Carrying on from part 1, I managed to swap back in the knowledge from part 1, and then proceed to cover the sections on "Expectations", "The Open Economy", and "Pathologies". Re-reading my review of Part 1, my opinion hasn't changed. Compared with Samuelson, it's confident, quantiative, and backed up with stats.
While the book has a lot of confidence in its models, the latter part of the book, dealing with policy, discusses the uncertainties involved. In a very confident way. But hey, I guess at least it doesn't pretend that economics is a solved subject (the final chapter discusses major areas of current research).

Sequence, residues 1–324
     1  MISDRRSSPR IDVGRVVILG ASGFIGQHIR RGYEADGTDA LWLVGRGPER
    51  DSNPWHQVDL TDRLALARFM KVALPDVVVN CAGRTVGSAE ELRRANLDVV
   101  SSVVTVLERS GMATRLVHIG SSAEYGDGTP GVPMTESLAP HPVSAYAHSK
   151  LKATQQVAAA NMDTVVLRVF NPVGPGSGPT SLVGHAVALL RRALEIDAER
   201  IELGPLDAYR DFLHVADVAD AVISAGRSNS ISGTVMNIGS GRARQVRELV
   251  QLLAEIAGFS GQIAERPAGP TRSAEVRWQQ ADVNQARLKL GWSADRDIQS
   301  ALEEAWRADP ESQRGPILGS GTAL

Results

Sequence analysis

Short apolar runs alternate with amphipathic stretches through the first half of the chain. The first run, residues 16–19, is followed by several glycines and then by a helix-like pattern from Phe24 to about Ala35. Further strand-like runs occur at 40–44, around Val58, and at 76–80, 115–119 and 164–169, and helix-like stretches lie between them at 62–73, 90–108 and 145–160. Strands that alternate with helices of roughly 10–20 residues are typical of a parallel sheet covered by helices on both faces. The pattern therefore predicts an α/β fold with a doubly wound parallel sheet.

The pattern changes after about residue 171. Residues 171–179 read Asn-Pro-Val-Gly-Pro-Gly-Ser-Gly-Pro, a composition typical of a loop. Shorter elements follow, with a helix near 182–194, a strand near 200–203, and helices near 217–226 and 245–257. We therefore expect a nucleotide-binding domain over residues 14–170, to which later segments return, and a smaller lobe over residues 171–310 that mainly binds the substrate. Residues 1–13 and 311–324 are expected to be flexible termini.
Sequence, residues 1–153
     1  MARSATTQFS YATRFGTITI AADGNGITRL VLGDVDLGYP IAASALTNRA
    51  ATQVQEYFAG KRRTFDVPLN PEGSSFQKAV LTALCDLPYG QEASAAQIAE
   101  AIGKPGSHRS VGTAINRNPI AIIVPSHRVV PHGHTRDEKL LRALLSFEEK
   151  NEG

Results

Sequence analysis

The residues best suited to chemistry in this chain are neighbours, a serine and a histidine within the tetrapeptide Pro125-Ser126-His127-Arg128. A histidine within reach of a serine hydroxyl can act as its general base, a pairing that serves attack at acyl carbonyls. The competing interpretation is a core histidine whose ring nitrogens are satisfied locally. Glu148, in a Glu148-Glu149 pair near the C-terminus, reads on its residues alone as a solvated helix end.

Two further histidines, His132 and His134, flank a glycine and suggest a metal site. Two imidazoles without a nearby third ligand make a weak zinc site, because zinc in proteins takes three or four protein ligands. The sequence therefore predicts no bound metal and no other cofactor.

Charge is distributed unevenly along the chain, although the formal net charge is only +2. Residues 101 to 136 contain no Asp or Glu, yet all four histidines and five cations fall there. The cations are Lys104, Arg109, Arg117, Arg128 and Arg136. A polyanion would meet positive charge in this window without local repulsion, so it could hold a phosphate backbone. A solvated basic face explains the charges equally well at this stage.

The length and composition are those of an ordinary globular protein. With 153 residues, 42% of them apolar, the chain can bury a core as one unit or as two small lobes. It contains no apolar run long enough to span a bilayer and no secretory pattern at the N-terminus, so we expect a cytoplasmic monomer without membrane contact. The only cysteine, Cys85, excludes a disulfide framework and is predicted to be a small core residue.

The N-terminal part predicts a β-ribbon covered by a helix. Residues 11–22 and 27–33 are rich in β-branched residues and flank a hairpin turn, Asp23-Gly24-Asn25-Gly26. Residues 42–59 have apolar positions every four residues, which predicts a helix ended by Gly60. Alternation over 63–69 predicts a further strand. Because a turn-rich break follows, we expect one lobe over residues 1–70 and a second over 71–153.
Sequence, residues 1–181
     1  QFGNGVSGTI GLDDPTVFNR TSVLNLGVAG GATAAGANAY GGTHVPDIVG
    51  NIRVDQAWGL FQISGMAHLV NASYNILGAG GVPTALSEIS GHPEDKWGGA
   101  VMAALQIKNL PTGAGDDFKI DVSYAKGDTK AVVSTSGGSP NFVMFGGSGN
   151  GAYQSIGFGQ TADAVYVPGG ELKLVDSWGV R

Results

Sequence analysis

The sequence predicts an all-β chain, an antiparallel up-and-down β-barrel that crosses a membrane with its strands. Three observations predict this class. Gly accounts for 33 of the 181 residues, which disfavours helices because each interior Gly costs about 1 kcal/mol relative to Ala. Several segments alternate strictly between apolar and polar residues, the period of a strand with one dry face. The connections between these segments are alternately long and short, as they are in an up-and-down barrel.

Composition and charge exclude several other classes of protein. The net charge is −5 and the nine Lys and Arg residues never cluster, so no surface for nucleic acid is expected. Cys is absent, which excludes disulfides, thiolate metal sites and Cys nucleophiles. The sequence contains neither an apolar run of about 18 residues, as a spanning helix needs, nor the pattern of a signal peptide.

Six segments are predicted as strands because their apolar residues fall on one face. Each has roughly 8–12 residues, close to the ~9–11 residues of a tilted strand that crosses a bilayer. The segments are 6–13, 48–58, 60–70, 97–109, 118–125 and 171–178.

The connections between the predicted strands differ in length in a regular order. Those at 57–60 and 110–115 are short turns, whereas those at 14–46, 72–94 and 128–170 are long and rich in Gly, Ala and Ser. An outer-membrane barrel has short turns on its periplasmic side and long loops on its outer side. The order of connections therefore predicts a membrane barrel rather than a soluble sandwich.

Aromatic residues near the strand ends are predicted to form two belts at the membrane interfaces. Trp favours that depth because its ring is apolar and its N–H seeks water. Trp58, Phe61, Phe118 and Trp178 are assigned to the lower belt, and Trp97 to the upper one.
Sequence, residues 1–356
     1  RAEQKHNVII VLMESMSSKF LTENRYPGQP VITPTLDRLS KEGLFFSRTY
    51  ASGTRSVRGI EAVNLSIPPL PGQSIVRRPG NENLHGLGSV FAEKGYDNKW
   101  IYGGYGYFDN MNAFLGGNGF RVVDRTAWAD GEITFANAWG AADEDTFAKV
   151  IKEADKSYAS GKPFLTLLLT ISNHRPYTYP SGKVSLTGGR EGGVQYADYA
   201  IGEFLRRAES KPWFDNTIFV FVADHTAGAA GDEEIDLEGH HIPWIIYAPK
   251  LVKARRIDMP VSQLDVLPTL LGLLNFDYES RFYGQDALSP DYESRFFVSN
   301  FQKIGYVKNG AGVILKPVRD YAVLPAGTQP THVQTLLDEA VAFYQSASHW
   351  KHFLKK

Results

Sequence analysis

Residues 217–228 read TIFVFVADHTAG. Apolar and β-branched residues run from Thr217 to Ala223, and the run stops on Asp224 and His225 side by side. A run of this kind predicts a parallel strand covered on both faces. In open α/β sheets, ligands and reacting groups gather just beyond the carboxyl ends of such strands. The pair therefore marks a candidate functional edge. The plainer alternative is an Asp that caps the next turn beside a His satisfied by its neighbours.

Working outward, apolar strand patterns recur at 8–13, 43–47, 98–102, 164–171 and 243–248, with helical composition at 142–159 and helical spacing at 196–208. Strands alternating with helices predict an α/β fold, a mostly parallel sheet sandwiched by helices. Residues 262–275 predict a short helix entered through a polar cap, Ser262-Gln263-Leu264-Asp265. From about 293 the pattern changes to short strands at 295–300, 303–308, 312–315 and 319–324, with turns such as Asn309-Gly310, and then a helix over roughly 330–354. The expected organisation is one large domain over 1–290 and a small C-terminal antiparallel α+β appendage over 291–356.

I think a particular point of strength is that while it was written before the Credit Crunch, its discussion of what happens in big recessions is nicely prescient. The handling of liquidity traps and inflation match up well with what happened, and some of the discussion of Fed Chairman behaviour seems to line up with Yellen.
I'm still no economics expert, so I can't judge the content particularly well, but it's logical and plausible, and makes a good case through the case studies. Apart from the price and printing errors, recommended.